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Mac workplace penetration loosens Window's stranglehold on enterprise

post #1 of 36
Thread Starter 
While the enterprise market remains a predominantly Windows-based environment, Macs are creeping into the workplace as the popularity of tablets driven by Apple's iPad slowly erodes the walls of Microsoft's once-impenetrable fortress.

Analyst Michael Silver, a Gartner Research vice president and research director, outlined the firm's outlook on the enterprise desktop space saying that not only is Window's dominance being threatened by tablets, but a shift in user demand is pushing an influx of Macs into the workplace, reports MacWorld.

Silver hedged his statements, saying that while IT managers can no longer ignore Apple's platform, "[the desktop] is still 90-something percent Windows," and "thin clients will have 4 percent or so by the end of the year."

Estimates see Mac's share of the enterprise market hovering at around 5 percent, but the consumerization of IT is slowly forcing companies to accept Apple's products as part of the everyday workflow. According to Gartner research, 60 percent of companies currently don't allow Macs in the office, though the tide is changing as 64 percent of businesses will likely allow them to be adopted over the next few years.

Leading the charge in bringing the Mac into the workplace is a combination of demand for Apple's mobile devices and a more affordable computing options for OS X. A recent study from Good Technology found that the top-six most-activated devices in enterprise were all Apple products, with the iPhone and iPad accounting for 79 percent of total activations.

Macs in Enterprise


Traditional views frown upon Apple's computer system because of higher perceived costs associated with using the platform. "It used to be, 'How do we keep Macs out,'" Silver said, but the prices have come down and the playing field has evened out.

While an average Mac setup runs $1,622, a Windows machine costs $1,513 and software makers charge slightly more for Apple-centric products. Average IT labor expenditure for Macs is lower with $636 compared to Windows' $781, however companies report a wide variety of experiences in this department.

Silver notes that the days of saying "no" to Mac in enterprise are coming to an end as Apple computers are seeing a surge in popularity with upper management and executives.

"Saying 'no' could be a career-ending decision," Silver said.
post #2 of 36
Mac + Support: $2,258
WinPC + Support: $2,294

Does that include the actual costs for apps, like virus protection, or is that just for the base purchase.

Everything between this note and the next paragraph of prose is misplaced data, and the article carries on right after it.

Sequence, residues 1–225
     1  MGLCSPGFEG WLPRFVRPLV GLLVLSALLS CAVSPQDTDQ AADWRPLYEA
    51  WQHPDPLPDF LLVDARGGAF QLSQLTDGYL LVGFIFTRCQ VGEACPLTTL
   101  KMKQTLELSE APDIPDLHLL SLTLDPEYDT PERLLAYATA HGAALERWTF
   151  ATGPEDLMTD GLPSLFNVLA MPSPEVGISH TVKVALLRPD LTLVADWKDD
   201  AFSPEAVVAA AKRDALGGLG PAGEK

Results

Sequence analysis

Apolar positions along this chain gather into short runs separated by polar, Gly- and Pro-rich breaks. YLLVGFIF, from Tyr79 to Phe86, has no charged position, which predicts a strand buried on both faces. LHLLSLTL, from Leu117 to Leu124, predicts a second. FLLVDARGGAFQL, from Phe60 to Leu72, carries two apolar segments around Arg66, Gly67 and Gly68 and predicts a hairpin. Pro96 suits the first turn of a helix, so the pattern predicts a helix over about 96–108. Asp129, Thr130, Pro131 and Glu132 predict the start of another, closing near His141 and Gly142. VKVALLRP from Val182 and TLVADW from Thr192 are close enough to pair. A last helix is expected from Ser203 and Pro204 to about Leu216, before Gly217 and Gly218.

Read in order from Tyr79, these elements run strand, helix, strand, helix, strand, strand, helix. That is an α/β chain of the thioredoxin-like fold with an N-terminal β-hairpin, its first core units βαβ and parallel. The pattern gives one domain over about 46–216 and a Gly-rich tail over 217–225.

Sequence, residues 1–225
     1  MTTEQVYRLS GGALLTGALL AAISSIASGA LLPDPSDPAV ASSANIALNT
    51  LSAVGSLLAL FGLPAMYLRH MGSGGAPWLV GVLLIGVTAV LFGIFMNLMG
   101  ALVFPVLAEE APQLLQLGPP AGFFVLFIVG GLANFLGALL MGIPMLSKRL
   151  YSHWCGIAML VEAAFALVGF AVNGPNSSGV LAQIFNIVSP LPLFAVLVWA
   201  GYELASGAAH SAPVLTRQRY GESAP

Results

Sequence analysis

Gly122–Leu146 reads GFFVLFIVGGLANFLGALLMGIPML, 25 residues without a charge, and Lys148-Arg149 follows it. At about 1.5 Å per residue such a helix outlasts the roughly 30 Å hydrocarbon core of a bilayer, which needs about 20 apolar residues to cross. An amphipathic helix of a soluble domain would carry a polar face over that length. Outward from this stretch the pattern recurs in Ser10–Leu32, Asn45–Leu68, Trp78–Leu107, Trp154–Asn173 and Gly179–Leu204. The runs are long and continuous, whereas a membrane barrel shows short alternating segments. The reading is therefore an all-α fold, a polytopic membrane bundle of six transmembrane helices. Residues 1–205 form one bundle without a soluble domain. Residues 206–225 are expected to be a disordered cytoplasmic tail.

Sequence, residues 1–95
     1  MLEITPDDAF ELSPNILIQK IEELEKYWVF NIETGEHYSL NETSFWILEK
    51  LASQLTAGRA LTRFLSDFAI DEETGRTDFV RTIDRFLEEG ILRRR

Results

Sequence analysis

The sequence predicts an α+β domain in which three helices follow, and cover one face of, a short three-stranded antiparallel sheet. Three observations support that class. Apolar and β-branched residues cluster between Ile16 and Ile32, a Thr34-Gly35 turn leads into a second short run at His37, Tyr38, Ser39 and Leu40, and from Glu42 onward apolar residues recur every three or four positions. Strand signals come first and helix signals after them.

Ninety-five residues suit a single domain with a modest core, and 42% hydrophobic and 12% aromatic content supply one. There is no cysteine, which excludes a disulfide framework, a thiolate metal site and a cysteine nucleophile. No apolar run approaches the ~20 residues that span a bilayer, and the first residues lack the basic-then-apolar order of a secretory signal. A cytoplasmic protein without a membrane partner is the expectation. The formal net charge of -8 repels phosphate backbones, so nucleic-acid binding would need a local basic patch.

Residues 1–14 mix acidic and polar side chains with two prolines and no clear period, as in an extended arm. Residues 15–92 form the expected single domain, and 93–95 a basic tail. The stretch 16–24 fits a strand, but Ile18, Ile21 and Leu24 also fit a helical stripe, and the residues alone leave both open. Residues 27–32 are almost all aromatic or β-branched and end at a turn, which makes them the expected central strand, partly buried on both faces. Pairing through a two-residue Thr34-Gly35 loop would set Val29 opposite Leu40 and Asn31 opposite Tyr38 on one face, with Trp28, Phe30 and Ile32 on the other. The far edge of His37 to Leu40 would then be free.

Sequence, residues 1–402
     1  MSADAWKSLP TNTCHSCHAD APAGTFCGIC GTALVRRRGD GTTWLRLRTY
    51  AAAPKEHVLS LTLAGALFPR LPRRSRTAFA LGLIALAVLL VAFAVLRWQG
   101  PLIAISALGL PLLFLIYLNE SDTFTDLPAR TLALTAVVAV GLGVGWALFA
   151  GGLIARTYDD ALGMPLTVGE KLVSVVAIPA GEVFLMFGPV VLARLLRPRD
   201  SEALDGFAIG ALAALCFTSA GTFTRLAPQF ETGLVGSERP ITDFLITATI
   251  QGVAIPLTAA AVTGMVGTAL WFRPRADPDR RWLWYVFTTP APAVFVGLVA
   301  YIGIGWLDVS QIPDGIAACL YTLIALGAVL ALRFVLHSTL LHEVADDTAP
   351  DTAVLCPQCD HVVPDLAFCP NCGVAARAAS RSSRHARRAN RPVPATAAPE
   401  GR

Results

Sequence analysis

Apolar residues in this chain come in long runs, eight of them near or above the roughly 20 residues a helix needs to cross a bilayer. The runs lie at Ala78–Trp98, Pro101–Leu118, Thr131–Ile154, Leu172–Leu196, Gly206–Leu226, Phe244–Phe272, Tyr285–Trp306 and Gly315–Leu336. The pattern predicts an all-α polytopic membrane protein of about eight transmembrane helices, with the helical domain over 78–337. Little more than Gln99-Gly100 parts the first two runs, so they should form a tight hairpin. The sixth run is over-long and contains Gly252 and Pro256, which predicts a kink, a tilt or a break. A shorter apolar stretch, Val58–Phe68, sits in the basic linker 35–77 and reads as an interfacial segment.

Also, that's about double the average WinPC cost for consumers if I remember correctly. Surely a business can't be buying those $400 desktops and notebooks you find at pretty much every store with an electronics department but that still seems higher than expected. I wonder if "Windows machine" also refers to Win servers.

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post #3 of 36

This just in....

 

IDC predicts Windows will dominate enterprise with a 100% market share by 2016.

Why does Apple bashing and trolling make people feel so good?

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Why does Apple bashing and trolling make people feel so good?

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post #4 of 36
Quote:
Originally Posted by Dickprinter View Post

This just in....

IDC predicts Windows will dominate enterprise with a 100% market share by 2016.

If we're using the IDC's rationale we'll have to predict that iPads replace nearly all Windows Servers by 2016.

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"There is no rule that says the best phones must have the largest screen." ~RoundaboutNow

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"The real haunted empire?  It's the New York Times." ~SockRolid

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post #5 of 36
Just give it a few more years for today's 20-somethings to become corporate warriors.

Tables will be turned.
post #6 of 36

Given a *choice*, what employee actually *wants* to use Windows?

 

It's something we've had to put up with for years. That basically describes Windows and all its parts: something to be put up with. 

 

But this isn't the same market we saw 10-15 years ago.

 

Funny thing is, MS still thinks it is. 

post #7 of 36
Quote: